Sustainable palm oil is possible!
Palm oil is used in many of our food products, ranging from peanut butter to shampoo. Lately, there has been a lot of attention for the excesses involved in its production. Issues involved can be the destruction of valuable rainforests, the exploitation of workers and violation of the land rights of people. So is the best solution to ban the use of palm oil? Although such a ban is tempting, but the alternatives to palm oil have drawbacks as well. Instead we call on companies and consumers to buy sustainable palm oil and on producing companies to make sustainable palm oil the norm.
Already 88% certified palm oil used in the Netherlands
Many national and international initiatives show that sustainable palm oil production and consumption is possible. In November 2018, the Dutch Alliance for Sustainable Palm Oil presented its annual report to the Dutch parliament. This alliance has been working to increase the uptake of sustainable palm oil in The Netherlands. The report shows that 88% of the palm oil used in food products within the Netherlands was certified as sustainable in 2017. Even though this means that we are not there yet, it proves the transitioning is possible.
Attractive source of income
Oil palms generating the fruits from which the oil is later pressed, are cultivated in the tropical regions of Asia, Latin America and Africa. The crop has a potentially high and constant yield per hectare, which means that it is an attractive source of income even for farmers with little land. About 40% of palm oil fruit worldwide is produced by smallholder farmers, who often only manage to produce half of their potential yield. If we could support them to raise their yields in a sustainable manner and adopt climate smart practices, they could improve their income and ensure sustainable palm oil production for all.
Europe is in position to drive improvements
The Netherlands is the largest European importer of palm oil. This position gives us great responsibility, but also enables us to do something about the issues. We need to ensure that the palm oil we purchase does not contribute to excesses but rather increases the sustainability of its production. We can do so by purchasing sustainable palm oil. A good indicator for sustainability is the certification by the Roundtable on Sustainable Palm Oil (RSPO). This international initiative is set up to increase the sustainability of global palm oil production. Its certification requires for example that palm oil processing companies pay a fair wage and that the expansion of production areas does not harm valuable biodiversity. The RSPO logo can already be found on quite a few products in the Dutch market. However, as goes for many certification schemes, it is not the ultimate solution Nonetheless, the demand for a certified product drives improvements in the field.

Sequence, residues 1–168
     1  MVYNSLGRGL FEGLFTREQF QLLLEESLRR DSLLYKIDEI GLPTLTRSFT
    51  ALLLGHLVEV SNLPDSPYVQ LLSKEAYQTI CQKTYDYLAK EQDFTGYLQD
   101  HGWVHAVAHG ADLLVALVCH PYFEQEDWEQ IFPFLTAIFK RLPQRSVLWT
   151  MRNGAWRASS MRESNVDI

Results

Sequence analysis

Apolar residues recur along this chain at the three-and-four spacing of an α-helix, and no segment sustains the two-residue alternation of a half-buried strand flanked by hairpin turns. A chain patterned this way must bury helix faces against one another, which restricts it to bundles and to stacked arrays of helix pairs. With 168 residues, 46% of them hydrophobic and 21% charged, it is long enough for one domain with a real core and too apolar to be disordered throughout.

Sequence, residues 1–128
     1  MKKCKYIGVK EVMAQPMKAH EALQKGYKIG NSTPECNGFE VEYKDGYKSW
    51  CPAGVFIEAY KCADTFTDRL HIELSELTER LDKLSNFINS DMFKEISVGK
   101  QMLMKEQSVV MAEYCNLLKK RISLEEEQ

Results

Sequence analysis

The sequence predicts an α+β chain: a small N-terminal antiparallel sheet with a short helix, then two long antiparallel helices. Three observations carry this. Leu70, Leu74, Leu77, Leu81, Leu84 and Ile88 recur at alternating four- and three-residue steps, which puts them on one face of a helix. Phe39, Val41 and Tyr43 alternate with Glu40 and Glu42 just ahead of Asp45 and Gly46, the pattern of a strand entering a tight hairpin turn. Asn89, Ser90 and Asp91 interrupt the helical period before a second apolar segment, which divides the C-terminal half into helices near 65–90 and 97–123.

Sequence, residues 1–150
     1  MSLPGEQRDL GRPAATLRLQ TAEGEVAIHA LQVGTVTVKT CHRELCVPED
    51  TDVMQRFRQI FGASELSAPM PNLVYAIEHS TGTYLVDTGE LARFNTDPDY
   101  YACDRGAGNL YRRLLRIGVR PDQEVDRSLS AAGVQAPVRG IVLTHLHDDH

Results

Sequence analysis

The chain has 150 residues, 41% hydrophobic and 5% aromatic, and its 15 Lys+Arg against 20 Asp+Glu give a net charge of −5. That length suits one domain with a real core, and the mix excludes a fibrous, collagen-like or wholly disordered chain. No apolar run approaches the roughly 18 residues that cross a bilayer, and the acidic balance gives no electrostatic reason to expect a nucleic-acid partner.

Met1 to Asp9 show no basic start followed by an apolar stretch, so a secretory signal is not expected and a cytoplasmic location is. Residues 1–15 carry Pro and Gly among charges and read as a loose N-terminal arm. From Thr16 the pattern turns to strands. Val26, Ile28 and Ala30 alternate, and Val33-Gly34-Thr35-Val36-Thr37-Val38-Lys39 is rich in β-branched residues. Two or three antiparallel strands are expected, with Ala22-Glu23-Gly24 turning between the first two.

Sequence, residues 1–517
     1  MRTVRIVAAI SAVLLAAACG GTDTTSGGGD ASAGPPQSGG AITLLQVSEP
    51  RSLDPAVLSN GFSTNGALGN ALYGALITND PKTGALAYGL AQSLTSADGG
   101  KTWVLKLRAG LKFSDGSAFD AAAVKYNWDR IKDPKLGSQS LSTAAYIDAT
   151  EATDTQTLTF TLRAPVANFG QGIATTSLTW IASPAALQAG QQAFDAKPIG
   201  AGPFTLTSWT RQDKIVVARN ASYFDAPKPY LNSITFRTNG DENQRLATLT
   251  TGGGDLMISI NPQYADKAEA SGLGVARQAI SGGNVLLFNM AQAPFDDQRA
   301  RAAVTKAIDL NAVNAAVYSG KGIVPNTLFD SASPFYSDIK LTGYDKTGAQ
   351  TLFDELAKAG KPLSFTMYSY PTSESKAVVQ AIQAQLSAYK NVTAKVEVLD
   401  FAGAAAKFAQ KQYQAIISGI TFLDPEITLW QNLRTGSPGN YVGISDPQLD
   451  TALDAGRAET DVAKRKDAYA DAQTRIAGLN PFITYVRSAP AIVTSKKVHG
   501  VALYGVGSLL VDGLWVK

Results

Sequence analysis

Major role for governments and businesses
Most major European companies are using or stimulating sustainable palm oil. But this is not enough. We also need companies to take shared responsibility to enable the production of sustainable palm oil on the ground. Luckily we see more and more examples of companies taking a leading role in this. For example, this week BASF, The Estee Lauder Companies, Roundtable on Sustainable Palm Oil and Solidaridad have announced to work as partners in a Sustainable Palm Project in the district of Waykanan, Lampung, Indonesia. The project supports independent Indonesian smallholder farmers to improve their livelihoods and their sustainable production of palm oil and palm kernel oil. The program achieves these goals by offering continuous education and technical support on implementing and maintaining sustainable palm oil practices. The project’s target is that a minimum of one-third of the supported smallholder farmers become certified according to the Smallholder Standard of RSPO at the end of three years. READ the full press release here.
Investing in improvements
It is easy to grow cynical about all the negative reports on palm oil production and plea for a call for a total boycott. However, at Solidaridad, we believe there are better solutions. Instead of a boycott, we should help small-scale farmers in Asia, Africa and Latin America to raise their production on existing plantations using better techniques. We should support local and Western governments in making better policies, and we encourage national and international businesses to invest in sustainable production. We also call on consumers to keep an eye out for the RSPO logo when purchasing products containing palm oil.